Creative Nonfiction

TRESPASSER ON THE TRACKS

16 March 2016

As I walk down the ramp inside South Yarra station, the air is muggy. The overcast sky has sealed the heat over Port Phillip Bay, making the crowded platform two feel like a glasshouse. The display showing ‘next service departing in three minutes’ suddenly flickers to ‘35 minutes’. Collective groans emerge from the commuters, myself included, as we huddle underneath the tin roof. It is Monday evening, 5:30pm, and no one is the mood for another public transport delay. Surely there were enough tram and train strikes last year for 2016 to be the year of no public transport disruptions? Five minutes later the display still shows 35 minutes.

Muffled announcements crackle from the loudspeakers. Their words are indecipherable over the screeches and whistle blasts of trains arriving and departing on the other five platforms. Some people exchange glances of incredulity. Others proceed back up the ramp, resorting to the trams and taxis on Toorak Road. I join the chorus of muttered expletives as the platform becomes ever more packed.

Finally the words of the announcements become intelligible, yet no more enlightening. One informs us that services have been suspended due to a ‘disruption’ at Gardenvale. Another blames an ‘incident’ in the North Brighton area. Schoolchildren, tradies and business people alike release exasperated sighs. Patience is not our strong suit.

Like a scene from a French New Wave film, it starts to rain. Glares are reciprocated as the crowd shuffles ever closer to the yellow line where the train will supposedly arrive. 20 minutes pass, slowly. The loudspeakers proclaim that the delay is due to a collision involving a ‘trespasser’ on the tracks. But this is largely ignored. Space underneath the tin roof has become prized real estate that demands our full attention. A train arriving in five minutes is announced and all on the platform are loath to miss it.

PTV apologise for the inconvenience caused by the ‘customer’ who has trespassed on the tracks. No elaboration is given on this customer’s fate, this being an apparently unimportant detail relative to the disruption of services. A man jokes with his colleague, “If you’re gonna fucking jump at least have the decency not to do it during peak hour.” A woman speaks loudly on her phone, expressing disbelief that this has happened to her again.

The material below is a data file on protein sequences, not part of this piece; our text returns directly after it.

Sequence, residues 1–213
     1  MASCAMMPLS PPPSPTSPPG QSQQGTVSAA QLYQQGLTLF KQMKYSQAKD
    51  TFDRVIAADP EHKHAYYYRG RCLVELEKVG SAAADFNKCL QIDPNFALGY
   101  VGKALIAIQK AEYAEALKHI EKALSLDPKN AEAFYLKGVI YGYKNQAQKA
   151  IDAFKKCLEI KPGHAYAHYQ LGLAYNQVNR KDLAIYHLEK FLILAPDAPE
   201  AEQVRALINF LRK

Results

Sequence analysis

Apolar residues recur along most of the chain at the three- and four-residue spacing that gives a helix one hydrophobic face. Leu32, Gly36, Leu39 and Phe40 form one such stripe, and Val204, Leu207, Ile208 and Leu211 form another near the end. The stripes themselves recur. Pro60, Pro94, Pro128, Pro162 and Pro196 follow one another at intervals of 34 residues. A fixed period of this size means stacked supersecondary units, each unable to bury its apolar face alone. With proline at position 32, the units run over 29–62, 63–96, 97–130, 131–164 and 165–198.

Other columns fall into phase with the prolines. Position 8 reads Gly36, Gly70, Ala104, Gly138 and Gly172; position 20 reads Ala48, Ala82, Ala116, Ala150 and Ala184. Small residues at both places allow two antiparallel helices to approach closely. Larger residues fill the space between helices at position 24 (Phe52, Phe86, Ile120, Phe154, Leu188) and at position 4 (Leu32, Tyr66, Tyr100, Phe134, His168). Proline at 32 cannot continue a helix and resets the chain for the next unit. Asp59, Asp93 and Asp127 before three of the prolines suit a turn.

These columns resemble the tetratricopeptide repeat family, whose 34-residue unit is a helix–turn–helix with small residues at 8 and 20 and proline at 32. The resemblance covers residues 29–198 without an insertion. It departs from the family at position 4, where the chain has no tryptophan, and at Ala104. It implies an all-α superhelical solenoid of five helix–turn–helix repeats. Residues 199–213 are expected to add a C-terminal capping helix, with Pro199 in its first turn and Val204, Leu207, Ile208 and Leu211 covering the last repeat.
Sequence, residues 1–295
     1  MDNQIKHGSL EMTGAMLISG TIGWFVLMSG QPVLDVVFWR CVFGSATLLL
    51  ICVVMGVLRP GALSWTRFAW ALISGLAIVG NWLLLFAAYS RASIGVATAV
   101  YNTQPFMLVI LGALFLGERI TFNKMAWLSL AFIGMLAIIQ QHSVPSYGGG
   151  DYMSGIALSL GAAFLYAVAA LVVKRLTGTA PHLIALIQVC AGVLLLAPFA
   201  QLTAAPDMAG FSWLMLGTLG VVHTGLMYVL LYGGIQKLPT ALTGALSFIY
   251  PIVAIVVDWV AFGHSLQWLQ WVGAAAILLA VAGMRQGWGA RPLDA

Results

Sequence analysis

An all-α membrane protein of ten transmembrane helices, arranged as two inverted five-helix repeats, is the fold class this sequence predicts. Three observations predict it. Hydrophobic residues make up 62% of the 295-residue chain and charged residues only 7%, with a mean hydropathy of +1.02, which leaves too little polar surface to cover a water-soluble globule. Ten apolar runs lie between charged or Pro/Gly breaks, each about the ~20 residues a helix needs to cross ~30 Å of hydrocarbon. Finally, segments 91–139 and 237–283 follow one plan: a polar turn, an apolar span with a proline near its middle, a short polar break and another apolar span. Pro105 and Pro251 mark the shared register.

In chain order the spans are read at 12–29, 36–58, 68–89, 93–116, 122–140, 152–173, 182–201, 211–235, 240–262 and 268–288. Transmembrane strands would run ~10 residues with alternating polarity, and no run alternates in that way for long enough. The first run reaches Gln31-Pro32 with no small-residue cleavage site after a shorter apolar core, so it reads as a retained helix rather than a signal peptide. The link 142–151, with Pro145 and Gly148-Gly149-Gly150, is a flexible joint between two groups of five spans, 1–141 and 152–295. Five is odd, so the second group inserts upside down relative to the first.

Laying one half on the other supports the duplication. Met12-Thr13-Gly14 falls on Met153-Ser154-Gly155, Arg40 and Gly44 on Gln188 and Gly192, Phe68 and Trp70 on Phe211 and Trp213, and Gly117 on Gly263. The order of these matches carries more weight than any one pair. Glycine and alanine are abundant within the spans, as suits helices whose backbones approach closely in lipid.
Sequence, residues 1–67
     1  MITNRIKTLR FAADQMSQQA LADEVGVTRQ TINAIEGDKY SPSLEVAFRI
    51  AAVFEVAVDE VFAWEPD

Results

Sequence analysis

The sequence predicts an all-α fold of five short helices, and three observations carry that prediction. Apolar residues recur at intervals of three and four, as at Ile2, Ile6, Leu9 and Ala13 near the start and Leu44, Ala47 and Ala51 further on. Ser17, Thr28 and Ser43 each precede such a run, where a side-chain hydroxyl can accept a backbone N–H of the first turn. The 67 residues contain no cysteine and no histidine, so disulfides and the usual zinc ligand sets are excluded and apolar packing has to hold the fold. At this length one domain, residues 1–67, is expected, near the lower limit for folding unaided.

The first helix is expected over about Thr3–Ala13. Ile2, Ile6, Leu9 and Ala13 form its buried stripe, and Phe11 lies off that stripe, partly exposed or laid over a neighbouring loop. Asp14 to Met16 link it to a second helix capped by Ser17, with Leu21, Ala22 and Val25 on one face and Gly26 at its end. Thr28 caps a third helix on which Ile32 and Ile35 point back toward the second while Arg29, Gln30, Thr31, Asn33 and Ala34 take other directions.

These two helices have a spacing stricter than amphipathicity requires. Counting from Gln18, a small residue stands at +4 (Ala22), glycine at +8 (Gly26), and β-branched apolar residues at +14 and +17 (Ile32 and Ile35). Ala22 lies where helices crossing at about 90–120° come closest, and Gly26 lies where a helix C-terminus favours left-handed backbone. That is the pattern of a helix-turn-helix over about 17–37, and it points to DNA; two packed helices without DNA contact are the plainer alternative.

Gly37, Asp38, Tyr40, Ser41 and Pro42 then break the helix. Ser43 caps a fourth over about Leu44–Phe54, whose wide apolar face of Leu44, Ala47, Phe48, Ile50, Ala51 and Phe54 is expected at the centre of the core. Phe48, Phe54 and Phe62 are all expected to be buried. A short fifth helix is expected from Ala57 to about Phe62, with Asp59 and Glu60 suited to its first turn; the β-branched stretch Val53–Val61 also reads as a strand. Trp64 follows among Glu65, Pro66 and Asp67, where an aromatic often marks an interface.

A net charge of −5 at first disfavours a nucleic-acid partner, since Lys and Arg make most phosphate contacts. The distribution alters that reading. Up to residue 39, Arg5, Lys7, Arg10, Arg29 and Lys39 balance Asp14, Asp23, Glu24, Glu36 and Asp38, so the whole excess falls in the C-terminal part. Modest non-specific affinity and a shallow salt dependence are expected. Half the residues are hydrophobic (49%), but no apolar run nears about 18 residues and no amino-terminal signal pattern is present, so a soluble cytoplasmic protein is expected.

We push without shame to board when the train arrives. Each person’s appointment, be it dinner, yoga or a trip to the supermarket, is more important than anyone else’s. We all need to be on this train. The air conditioner blasts us with excessively chilled air inside the carriage. The smell is sweat-dampened bodies and soggy feet. The ‘sardines in a can’ cliché is an appropriate summation of our proximity and collective odour. But what of the culprit of our inconvenience? The person involved in the collision at Gardenvale or North Brighton, proclaimed a ‘trespasser’ by the loudspeakers. The person reduced to the description of ‘customer.’

The train terminates at Elsternwick. The normally spacious platform is swarmed with a sea of commuters as we alight from the carriages in unison. Loudspeakers crackle apologies at us again for the inconvenience of the delay, blaming a “fatality further down the line”. “Bit late now,” a man retorts at no one in particular, seemingly responding to the system. We shuffle under heavy clouds towards replacement buses. I look around for faces affected by the announcement of the fatality but the expressions are all grimaces and lowered eyebrows, bemused sneers and empty eyes. We shove our way past each other onto the bus, barking into phones or staring blankly at glowing screens. Us Melburnians have more important preoccupations than a fatality further down the line.


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